“I feel like I’m underrated. I feel like we’re underrated,” Thornwell said. “I definitely have a chip on my shoulder. There are a lot of great players that were mentioned in the player of the year conversation, and it’s fun to go up against them.
“I don’t see why I’m not mentioned along with them.”
Thornwell can add Duke coach Mike Krzyzewski to the group that can’t comprehend his lack of recognition.
“He’s really unique. He leads their team in everything,” said Krzyzewski, who went on to describe Thornwell as “the best unheralded great player in the United States.”
That’s high praise for a guy who doesn’t have particularly great size (he’s listed at 6-foot-5, which is small for an NBA off guard), isn’t known to be particularly quick and has never been described as being a great leaper.
But after four years of college — a rarity for star players these days — Thornwell has demonstrated this season that he might be one of the most complete players in the college game.
Against Duke, he’d often alternate between guarding guard Grayson Allen on the perimeter and — on switches — battling 6-foot-9 Blue Devils forward Amile Jefferson on the low block. He scored tough buckets on the interior and hit three of six 3-pointers.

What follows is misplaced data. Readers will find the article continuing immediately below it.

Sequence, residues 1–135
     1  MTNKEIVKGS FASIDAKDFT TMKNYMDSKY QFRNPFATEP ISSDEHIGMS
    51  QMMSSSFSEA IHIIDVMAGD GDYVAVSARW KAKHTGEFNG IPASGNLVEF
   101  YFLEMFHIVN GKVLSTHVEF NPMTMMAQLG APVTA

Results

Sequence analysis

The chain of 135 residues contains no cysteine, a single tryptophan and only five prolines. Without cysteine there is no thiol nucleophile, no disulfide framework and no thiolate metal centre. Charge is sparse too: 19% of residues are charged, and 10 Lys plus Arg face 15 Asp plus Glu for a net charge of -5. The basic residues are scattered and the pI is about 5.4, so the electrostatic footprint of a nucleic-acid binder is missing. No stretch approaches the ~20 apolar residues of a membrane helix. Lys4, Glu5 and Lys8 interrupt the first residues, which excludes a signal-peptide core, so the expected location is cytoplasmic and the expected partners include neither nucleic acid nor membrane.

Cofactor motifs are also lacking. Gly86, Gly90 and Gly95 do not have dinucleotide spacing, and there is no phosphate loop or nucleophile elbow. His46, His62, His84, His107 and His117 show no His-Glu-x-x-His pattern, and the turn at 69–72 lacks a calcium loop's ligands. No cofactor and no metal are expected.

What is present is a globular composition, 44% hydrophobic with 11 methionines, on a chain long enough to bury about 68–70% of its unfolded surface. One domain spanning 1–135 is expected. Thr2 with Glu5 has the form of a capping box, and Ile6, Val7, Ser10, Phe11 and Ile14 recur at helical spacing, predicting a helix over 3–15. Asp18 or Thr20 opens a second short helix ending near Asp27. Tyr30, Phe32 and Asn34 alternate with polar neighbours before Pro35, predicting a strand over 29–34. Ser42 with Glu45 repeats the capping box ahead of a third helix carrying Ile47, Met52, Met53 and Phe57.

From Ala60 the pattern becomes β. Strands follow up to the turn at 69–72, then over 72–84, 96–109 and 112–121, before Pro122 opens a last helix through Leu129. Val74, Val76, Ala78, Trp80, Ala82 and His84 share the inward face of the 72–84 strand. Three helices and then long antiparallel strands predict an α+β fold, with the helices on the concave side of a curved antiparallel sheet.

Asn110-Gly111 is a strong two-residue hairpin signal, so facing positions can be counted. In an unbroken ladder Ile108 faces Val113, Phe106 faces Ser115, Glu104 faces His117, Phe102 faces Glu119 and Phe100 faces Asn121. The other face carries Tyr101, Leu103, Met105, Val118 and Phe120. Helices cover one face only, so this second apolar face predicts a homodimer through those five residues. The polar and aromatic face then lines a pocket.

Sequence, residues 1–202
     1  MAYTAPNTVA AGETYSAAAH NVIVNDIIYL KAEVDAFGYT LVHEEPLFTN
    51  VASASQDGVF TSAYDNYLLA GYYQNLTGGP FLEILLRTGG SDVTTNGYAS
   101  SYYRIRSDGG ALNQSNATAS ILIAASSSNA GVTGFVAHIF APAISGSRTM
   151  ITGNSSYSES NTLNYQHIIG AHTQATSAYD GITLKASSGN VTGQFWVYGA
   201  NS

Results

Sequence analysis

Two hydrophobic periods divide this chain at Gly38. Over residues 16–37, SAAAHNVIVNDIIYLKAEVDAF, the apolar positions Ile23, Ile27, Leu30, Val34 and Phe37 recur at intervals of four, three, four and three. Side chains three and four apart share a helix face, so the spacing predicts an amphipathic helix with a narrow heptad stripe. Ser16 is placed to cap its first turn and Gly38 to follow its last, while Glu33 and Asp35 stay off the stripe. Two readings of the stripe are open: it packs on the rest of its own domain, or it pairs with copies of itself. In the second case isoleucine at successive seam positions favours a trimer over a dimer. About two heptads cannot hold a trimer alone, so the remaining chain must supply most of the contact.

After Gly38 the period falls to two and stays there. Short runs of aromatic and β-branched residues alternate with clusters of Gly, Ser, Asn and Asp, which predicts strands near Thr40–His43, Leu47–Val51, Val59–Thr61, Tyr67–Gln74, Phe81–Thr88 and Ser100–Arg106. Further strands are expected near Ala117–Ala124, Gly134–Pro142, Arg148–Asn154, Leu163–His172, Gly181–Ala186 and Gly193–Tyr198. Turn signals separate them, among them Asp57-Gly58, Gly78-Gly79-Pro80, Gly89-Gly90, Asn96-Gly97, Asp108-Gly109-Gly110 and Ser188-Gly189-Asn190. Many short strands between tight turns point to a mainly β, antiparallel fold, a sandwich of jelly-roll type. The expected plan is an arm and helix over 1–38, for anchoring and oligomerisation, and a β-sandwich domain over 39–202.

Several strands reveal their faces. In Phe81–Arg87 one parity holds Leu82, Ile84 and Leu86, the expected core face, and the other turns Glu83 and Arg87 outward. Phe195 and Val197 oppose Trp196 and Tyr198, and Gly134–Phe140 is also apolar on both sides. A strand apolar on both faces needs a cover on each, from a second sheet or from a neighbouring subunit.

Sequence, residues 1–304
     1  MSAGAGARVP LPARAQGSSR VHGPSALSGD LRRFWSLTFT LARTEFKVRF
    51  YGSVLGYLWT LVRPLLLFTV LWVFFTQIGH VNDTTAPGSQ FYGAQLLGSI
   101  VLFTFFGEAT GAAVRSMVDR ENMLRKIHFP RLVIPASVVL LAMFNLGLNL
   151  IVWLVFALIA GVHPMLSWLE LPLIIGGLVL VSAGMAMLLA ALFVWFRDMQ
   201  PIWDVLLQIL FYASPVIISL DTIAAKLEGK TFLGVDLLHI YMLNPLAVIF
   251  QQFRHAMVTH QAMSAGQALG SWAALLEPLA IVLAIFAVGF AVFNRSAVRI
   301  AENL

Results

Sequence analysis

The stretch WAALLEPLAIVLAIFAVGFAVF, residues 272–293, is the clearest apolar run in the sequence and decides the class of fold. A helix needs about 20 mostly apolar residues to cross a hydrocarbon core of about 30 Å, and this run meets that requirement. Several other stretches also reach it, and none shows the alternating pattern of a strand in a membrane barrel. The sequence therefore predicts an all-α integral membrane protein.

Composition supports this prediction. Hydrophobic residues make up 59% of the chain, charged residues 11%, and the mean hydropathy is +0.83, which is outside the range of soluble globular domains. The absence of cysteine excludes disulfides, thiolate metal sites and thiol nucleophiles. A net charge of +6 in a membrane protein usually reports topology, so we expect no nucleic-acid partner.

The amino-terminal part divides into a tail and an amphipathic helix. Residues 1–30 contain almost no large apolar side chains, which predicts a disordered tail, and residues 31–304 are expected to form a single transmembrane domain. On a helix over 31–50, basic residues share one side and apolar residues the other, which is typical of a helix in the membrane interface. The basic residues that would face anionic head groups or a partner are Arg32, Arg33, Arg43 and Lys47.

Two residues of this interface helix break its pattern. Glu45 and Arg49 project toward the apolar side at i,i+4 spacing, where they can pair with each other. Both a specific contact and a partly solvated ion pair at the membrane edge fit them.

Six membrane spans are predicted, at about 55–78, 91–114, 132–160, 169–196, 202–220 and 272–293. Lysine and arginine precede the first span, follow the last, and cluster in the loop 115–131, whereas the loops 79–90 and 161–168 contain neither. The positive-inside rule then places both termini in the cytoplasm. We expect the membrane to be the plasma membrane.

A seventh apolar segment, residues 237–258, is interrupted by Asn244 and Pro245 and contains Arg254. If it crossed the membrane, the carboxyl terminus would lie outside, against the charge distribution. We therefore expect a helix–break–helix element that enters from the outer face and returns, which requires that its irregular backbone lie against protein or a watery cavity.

Maybe the best part of his game is being one of those in-your-jock suffocating ball defenders, with some of the qualities that made Bruce Bowen great during his NBA career.
“He’s a monster,” said Marquette guard Andrew Rowsey, after being hounded by Thornwell for part of Friday’s game. “He’s going to have a great career.”
Thornwell’s talents were recognized as early as eighth grade. That’s when an AAU coach took Thornwell, who grew up two hours east of Greenville, South Carolina, in Lancaster, to a tournament in Charlotte, North Carolina, and then called Lancaster High School coach Ricardo Priester.
“He started doing some things out there that I didn’t know he could do,” Priester recalled. “Then [the AAU coach] told me ‘Sindarius Thornwell will be the best player to ever come out of Lancaster.’ I told him, ‘I sure hope you’re a prophet.’ ”